On a separate theme, I have been given an organization chart of the whole refinery, dated May 1, 1960. This was a few months after my father left Abadan, so his name is not on it. The hundreds of payroll workers shown in the payroll department chart previously posted [Part (1) (2) (3) (4) (5) (6) (7) (8) (9)] fit into one small box in this chart. Several people connected with the payroll department have been in touch; one sent several large group photos, including this one. Other items that have been shared with us include photos of the scout troop in 1957 (the year before my time), an IranAir schedule, program to the Theatre Society production Night Must Fall, and two theatre tickets. The eight "usherettes" in the program, a couple of whose names ware misspelled, were girls I knew, and some of these now are back in touch. A photo of the Naft open air cinema also arrived.
Mention of the Abadan Theatre Society reminds us that there is actually an Abadan Society, membership open to people who have been part of the oil industry in Iran, that meets every other year, alternating between the US and the UK. This was unknown to us until recently. People who are interested are invited to see details and make contact via their website, or to send an email directly to George Fox at GeorgeFox0@aol.com.
Completing these further contributions, a person who lives in Abadan created a Persian translation of Memories of an American Boy, and also sent a scan of the front page of the newspaper Arvand in Abadan, that printed parts of the essay there. We also want to thank my father's colleague Mr. Hakimzadeh, who presented a stamp album as a farewell present, that we treasure today.
One reason for delay in making this posting has been coming to terms with the vast outpouring of sentiment that has been shared with us about Abadan. For me Abadan always was a special place, and a sense for its uniqueness was part of what originally motivated me to share these photos and stories. Abadan occupies a unique historical and geographic place in the story of the 20th century. As a cultural borderland, the position of Abadan goes back millennia. For many people today it is a place that is marked by tragedy, great suffering and personal loss. Along with stories of love and family reminiscence have come stories of the attack and siege of the city in the Iran-Iraq war, and the dispersion of Abadanis all over the world.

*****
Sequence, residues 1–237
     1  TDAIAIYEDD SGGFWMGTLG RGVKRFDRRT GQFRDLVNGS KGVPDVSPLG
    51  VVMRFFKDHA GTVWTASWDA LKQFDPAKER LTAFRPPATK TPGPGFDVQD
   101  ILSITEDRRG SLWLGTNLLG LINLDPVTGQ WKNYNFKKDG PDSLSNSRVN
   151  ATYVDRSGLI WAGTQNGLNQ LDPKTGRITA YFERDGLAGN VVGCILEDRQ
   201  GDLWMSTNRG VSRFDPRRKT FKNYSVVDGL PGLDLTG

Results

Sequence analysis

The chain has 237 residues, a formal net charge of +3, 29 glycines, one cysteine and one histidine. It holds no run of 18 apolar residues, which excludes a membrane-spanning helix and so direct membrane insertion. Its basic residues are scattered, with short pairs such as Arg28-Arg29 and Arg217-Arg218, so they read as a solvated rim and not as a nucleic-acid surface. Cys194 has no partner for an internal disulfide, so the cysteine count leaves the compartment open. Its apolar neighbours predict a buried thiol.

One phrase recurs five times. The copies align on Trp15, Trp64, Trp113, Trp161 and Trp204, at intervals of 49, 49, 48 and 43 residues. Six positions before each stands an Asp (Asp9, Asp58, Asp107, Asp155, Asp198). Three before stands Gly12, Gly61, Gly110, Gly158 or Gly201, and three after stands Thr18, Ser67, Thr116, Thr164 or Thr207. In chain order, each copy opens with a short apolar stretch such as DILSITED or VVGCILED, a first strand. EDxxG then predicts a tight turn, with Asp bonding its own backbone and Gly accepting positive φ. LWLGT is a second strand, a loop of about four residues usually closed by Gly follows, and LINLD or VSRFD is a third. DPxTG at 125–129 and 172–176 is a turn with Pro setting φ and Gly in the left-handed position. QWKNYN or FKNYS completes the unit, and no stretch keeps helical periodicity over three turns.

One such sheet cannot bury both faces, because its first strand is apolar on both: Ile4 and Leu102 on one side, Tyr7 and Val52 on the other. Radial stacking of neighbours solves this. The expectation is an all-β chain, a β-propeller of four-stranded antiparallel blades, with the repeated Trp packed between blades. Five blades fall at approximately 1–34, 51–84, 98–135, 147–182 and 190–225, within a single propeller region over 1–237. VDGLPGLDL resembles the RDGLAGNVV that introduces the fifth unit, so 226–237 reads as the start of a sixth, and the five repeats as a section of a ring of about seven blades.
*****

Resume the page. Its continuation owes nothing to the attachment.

In trying to bridge the difficulties in reflecting the many messages that have arrived, it seems the voice of one person might stand for all. I'll share some quotes from a person named Siroos who gave permission for me to include these. He was born in Abadan when we were living there, and left at the time of the war. Some of the five brothers and sisters of his family have not seen each other since then. He said "You are right about Abadanis. I think it owes a lot to the fact that more than any other place in Iran, Abadan, as a small town, was subjected to experiencing varied and wonderful cultures traveling through its time. There were unhappy events and experiences too, like most other places, but they too travel with time." I asked about some words he shared on cultural perspective, and he said "As far as perspective goes I guess I meant that when we are 'the visitors' we mostly tend to look in while for us as kids seeing the visitors in our home town was like 'being in' and looking out. When I think back I cant help but think that I saw the Europeans and the Americans as a window out into a different world." And regarding the photos, he so kindly said, "‘Thanks for the memories’ as they say. I hope you don’t mind my borrowing your memories and maybe making some of them my own."
I'll end with a photo that was sent to us, that for me means the Promise of Abadan. I am hoping that this special and important place which so many people dearly love can someday become a token of friendship and peace for the world, and that's the distant promise that this photo shows to me.
Thanks again to all who have cared and shared >>> Photos
A note on photo rights: Copyright for these photos and previous postings in this series is reserved by Charles R. Schroeder. Right of first publication on the web is reserved by The Iranian, which allows reproduction for non-commercial purposes, with credit to The Iranian. Those interested in obtaining higher quality scans or rights for commercial reproduction should contact Paul Schroeder.